that I did five years ago. I’m still hanging out with the women I met at a new moms group, even though
our babies are nearly grown. I’m still living in Indiana, the state I moved to when I was a toddler, even
though I’ve always dreamed of living somewhere warm in the winter.
A few years ago I found this Question a Day journal that I thought was so cool. It asks me a question
every day such as “Should you have a Plan B?” or “When’s the last time you went swimming?” and I will
write the answers each day for five years. This allows me to see what I wrote in the past to the same
question and see how I’ve changed. After a while, I realized I would’ve enjoyed this journal much more
in my twenties when my life was in flux. Oftentimes I write the exact same answer year after year:
“What’s your favorite food?”: pizza and my Grandma Ruth’s chocolate chip cookies. When it asked what
I wished I could buy, I wrote more than once that I needed a new wool coat for work (the silk lining had
ripped and been mended repeatedly). Finally, I broke down last winter and treated myself to a new coat
only because my journal showed me how long I had been ignoring this simple desire. Somehow I forced
myself to buy the coat in a cocoa color instead of my favorite (navy blue). That was really hard.
Another example of how I like things to stay the same is illustrated by my television viewing habits. One
of my favorite shows to watch is Dateline. I’m not sure why (even though I’ve tried to explain it to my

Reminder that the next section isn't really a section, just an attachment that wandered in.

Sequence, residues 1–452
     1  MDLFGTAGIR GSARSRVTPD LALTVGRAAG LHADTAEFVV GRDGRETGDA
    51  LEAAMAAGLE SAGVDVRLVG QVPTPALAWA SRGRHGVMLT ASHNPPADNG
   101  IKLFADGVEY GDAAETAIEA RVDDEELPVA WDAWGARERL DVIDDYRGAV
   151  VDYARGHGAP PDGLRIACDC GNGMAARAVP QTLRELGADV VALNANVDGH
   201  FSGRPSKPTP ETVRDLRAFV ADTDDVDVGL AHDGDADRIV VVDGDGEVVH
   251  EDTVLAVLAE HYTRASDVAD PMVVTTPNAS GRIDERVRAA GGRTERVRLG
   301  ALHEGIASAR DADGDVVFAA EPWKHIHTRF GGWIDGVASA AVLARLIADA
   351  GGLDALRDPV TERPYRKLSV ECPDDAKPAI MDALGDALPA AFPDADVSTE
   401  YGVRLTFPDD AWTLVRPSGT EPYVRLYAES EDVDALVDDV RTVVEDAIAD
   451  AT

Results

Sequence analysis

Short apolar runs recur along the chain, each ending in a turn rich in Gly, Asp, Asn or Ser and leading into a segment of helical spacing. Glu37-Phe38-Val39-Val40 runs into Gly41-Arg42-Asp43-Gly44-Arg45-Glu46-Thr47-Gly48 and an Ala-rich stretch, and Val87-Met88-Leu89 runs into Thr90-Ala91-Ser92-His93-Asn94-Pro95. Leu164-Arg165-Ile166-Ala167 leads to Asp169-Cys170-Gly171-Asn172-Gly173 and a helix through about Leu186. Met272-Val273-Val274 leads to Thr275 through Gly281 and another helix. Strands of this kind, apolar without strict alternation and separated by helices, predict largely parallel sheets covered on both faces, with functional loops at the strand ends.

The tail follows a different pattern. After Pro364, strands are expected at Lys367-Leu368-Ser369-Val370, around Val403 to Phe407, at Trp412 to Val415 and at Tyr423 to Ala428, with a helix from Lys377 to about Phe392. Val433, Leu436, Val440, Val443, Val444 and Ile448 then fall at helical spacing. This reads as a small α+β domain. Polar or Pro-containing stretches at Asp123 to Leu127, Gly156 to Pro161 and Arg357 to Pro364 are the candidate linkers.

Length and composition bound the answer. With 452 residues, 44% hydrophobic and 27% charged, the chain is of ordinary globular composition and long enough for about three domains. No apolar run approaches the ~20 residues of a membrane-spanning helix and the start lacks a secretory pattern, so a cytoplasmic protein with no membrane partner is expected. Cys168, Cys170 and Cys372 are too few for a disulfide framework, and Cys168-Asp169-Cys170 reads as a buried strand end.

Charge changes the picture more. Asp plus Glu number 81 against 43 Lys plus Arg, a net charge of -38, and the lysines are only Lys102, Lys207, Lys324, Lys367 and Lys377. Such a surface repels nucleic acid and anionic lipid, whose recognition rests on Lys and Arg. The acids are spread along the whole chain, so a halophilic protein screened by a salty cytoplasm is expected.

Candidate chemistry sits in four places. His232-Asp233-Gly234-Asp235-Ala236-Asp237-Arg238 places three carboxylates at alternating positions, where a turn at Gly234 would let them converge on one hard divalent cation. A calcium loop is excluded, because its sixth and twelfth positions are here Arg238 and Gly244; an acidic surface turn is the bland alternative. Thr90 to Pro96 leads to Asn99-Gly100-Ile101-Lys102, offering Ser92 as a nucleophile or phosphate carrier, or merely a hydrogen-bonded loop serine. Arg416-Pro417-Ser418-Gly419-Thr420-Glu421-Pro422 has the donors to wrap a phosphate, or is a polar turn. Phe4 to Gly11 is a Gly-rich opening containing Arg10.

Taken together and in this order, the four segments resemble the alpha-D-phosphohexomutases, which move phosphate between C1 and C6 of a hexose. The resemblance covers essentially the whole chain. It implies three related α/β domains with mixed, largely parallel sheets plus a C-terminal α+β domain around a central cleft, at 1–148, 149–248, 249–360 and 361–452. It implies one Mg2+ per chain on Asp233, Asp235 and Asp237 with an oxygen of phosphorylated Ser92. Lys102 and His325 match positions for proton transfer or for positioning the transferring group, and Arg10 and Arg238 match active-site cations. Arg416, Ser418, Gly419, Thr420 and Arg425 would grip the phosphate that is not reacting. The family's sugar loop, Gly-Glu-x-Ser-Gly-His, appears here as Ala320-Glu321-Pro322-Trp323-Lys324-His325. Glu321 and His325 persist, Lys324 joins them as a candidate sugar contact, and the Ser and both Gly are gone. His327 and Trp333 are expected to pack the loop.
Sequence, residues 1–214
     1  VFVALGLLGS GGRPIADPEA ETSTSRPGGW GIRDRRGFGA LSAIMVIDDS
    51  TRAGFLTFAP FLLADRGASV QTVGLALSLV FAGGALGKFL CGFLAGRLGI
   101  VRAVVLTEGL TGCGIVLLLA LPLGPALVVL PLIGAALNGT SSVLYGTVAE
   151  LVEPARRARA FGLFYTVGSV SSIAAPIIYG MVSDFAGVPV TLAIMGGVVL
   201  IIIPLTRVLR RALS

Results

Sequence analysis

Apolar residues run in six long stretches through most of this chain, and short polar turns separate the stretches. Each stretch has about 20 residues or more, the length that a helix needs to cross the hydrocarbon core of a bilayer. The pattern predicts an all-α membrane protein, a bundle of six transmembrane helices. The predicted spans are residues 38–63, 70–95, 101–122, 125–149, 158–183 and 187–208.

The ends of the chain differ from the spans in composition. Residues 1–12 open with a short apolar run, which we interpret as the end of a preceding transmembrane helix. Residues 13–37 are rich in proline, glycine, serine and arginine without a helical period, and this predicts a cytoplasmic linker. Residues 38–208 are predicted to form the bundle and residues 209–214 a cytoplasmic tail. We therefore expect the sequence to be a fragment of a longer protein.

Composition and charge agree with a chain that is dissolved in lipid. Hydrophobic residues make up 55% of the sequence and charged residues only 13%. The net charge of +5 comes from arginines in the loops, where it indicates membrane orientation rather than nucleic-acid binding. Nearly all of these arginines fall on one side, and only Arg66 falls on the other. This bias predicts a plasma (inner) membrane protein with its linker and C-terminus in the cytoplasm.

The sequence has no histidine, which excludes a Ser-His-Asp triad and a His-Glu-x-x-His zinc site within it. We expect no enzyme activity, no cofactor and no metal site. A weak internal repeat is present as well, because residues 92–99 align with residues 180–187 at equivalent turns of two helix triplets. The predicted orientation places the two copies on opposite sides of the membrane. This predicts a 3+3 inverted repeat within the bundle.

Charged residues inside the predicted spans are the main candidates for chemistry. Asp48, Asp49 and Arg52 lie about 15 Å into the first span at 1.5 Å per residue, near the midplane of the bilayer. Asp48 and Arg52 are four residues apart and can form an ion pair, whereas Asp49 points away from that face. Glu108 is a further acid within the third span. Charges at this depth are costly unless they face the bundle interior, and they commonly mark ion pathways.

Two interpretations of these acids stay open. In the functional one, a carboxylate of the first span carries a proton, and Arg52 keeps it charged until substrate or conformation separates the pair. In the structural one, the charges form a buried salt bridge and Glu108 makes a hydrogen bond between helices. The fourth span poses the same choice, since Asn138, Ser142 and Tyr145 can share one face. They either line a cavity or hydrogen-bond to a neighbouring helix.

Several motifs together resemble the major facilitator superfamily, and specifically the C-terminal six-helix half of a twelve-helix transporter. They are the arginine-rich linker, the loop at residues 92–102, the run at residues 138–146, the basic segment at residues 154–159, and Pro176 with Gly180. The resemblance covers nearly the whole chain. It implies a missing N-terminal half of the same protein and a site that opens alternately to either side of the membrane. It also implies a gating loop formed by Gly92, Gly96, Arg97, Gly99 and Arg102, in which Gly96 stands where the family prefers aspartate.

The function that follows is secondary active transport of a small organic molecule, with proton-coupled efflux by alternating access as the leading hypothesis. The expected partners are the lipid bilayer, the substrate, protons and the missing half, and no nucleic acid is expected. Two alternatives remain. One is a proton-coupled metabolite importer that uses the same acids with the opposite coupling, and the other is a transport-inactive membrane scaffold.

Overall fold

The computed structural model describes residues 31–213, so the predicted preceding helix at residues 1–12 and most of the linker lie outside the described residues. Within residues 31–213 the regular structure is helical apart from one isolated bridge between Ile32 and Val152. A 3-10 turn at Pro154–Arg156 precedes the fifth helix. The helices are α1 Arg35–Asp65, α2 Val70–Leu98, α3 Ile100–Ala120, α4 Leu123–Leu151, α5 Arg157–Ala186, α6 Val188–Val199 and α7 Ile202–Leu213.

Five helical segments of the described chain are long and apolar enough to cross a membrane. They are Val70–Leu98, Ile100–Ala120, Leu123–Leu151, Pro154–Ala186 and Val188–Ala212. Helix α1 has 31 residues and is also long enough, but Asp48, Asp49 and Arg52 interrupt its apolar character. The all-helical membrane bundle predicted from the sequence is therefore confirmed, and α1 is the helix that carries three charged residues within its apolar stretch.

husband many times.) There’s something comforting about hearing how a couple fell in love, while
smugly knowing it’s going to end badly. I enjoy trying to guess who did it—the husband or the boyfriend.
It couldn’t be anybody else. And I don’t want it to be anybody else. Whenever one of these true-crime
mystery shows covers an unsolved kidnapping or a random serial killer, I turn it off. I don’t want to be
reminded that I could be a victim, that a stranger I meet on the street could be a murderer. I have to
say, I’m not happy that it seems like Dateline lately is trying to break out of its mold by doing something
besides romance gone wrong stories.
So it makes sense that the main character in my latest book hates change. After all, Mark Twain said,
“Write what you know.” The fun part about writing for me is starting with a seed of truth then making it
better. That’s what I feel like I’ve done in “A Season of Change.” It opens with:
“Kimber Foley hated change. She hated when the IT department forced her to change her
password every three months, she hated it when Kroger stopped stocking her favorite chai latte, and
she really hated that fifteen years ago her husband went out for a drive and never came home. Just
walking across Summit College’s campus with her teenage daughter made Kimber’s stomach twist in
knots. Of course she wanted her only child to go to college, but she wasn’t ready. Not yet.”
Throughout the book Kimber struggles to let go of her daughter (who’s on the spectrum) while dealing
with her own panic attacks and a former crush. Ironically, I started this novel while living in the same city
I’d inhabited for 18 years, but I wasn’t inspired to finish it until I’d switched jobs and moved to a new
town. Just like Kimber, I realized that the status quo was no longer making me happy. Although I was
very hesitant, I’m glad I took the risk.
I often tell my daughter when she’s struggling with something new that “Change can be uncomfortable.”
Even though I watched Dateline last night and will no doubt buy another Question of the Day journal
when this one is filled, I treated myself to apple cinnamon oatmeal this morning and enjoyed tasting
Here’s hoping that you can push through the discomfort and discover that sometimes change is exactly
what you need!
A Season of Change is available on Amazon for $2.99.